Main Employing IndustriesIndustry (% share)
Agriculture, Forestry and Fishing47.1
Manufacturing42.4
Wholesale Trade9.1
Other Services1.4

States and Territories

  • NSW

  • VIC

  • QLD

  • SA

  • TAS

  • NT

  • ACT

Employment by State and Territory (% share)

Source: Based on ABS Labour Force Survey, annual average 2016, Cat. No. 6291.0.55.003: Customised Report. Share of workers across Australian States and Territories, in this job compared to the all jobs average.
StateMetal Casting, Forging and Finishing Trades All Jobs Average
NSW32.431.8
VIC58.625.5
QLD019.8
SA06.8
WA4.811.2
TAS4.32
NT01.1
ACT01.8

Age Profile

Age Profile (% share)

Source: Based on ABS Labour Force Survey, annual average 2016, Cat. No. 6291.0.55.003: Customised Report. Age profile of workers in this job compared to the all jobs average.
Age BracketMetal Casting, Forging and Finishing Trades All Jobs AverageAll Jobs Average
15-190-5.45.4
20-244.8-9.99.9
25-340-23.423.4
35-444.3-21.721.7
45-5439.1-21.121.1
55-5915.2-8.78.7
60-6416.9-5.95.9
65 and Over19.8-3.83.8

Gender

Male Share

Female Share

Gender (% share)

Source: Based on ABS Labour Force Survey, annual average 2016, Cat. No. 6291.0.55.003: Customised Report. Male and female share of employment in this job compared to the all jobs average.
CategoryMetal Casting, Forging and Finishing Trades CategoryAll Jobs Average
Males83.1Males53.6
Females16.9Females46.4

Education Level

Top Education Levels

Highest Level of Education (% share)

No data is available for the selected graph for this Occupation.

A Certificate III including at least 2 years of on-the-job training, or a Certificate IV, or at least 3 years of relevant experience, is usually needed. Sometimes experience or on-the-job training is needed in addition to a qualification.

If you are interested in this style of work, there are a wide range of training options available that could lead to this or a similar job.
The pathway that is right for you will depend on your skills and interests.

It is a good idea to speak to industry bodies, employers, and workers to learn more about the skills and qualifications you will need.

Employers look for Metal Casting, Forging & Finishing Trades Workers who are reliable, work well in a team and are hardworking.

Knowledge

The topics, subjects, or knowledge areas workers rate as most important are shown below.

  1. Production and Processing

    83% Important

    Raw materials, production processes, quality control, costs, and ways of making and distributing goods.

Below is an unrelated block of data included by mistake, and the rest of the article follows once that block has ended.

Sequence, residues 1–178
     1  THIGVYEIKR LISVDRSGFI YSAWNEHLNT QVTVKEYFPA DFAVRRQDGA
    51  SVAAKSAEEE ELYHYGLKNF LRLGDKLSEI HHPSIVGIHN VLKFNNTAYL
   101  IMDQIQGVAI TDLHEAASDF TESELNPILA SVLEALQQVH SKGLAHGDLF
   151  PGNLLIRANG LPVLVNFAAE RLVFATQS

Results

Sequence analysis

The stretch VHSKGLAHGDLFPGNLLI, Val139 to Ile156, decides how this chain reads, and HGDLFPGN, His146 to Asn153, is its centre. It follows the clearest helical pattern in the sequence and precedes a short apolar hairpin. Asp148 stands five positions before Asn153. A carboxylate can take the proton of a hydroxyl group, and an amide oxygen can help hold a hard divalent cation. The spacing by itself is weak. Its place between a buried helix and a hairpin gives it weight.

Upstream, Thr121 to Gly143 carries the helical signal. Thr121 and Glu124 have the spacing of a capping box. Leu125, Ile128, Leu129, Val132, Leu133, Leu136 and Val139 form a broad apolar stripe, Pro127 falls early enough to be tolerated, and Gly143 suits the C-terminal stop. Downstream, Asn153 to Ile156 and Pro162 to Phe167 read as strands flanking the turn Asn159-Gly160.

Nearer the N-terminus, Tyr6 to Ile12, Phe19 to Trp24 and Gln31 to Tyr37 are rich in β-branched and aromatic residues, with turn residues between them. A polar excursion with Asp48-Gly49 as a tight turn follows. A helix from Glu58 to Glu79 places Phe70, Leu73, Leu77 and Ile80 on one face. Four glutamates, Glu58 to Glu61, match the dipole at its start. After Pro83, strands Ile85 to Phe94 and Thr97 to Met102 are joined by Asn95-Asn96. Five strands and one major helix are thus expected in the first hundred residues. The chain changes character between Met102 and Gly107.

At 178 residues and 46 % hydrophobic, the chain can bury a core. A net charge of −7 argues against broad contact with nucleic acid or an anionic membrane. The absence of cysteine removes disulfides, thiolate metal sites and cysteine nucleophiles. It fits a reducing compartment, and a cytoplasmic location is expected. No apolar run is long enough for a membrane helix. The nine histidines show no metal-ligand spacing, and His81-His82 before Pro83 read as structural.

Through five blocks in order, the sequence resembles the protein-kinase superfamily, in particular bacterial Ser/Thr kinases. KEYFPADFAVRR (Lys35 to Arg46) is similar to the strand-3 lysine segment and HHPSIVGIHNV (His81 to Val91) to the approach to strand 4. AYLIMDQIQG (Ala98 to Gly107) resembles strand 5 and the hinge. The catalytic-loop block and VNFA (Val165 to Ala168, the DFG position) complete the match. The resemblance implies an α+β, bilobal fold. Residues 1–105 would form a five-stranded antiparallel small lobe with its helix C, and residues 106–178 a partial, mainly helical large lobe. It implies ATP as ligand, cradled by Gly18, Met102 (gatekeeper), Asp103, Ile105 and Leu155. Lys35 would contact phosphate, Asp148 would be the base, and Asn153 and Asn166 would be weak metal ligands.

2. Mathematics

    73% Important

    Arithmetic, algebra, geometry, calculus, or statistics.

  3. Education and Training

    72% Important

    Teaching and course design.

  4. Mechanical

    70% Important

    Machines and tools, including their designs, uses, repair, and maintenance.

  5. Engineering and Technology

    65% Important

    Use engineering science and technology to design and produce goods and services.

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Learn about the daily activities, and physical and social demands faced by workers. Explore the values and work styles that workers rate as most important.

Activities

The work activities workers rate as most important are shown below.

  1. Controlling Machines and Processes

    84% Important

    Operate machines or processes either directly or using controls (not including computers or vehicles).

  2. Getting Information

    84% Important

    Looking for, getting and understanding different kinds of information.

  3. Handling and Moving Objects

    82% Important

    Using hands and arms in handling, installing, positioning, and moving materials, and manipulating things.

  4. Communicating with Supervisors, Peers, or Staff

    81% Important

    Giving information to supervisors, co-workers, and staff by telephone, in written form, e-mail, or in person.

  5. Identifying Objects, Actions, and Events

    81% Important

    Comparing objects, actions, or events, looking for differences between them or changes over time.

Occupational Information Network Forging Machine Setters, Operators, and Tenders, Metal and Plastic Opens in a new window
O*NET is a trademark of the U.S. Department of Labor, Employment and Training Administration. The information on this site is derived from the US Department of Labor O*NET Database Version 21.2